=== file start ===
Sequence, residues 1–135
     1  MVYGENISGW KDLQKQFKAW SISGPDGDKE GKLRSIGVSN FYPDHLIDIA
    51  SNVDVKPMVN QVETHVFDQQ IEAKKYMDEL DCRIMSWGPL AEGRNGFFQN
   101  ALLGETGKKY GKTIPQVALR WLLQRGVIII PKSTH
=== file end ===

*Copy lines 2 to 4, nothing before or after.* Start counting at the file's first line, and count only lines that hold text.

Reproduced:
     1  MVYGENISGW KDLQKQFKAW SISGPDGDKE GKLRSIGVSN FYPDHLIDIA
    51  SNVDVKPMVN QVETHVFDQQ IEAKKYMDEL DCRIMSWGPL AEGRNGFFQN
   101  ALLGETGKKY GKTIPQVALR WLLQRGVIII PKSTH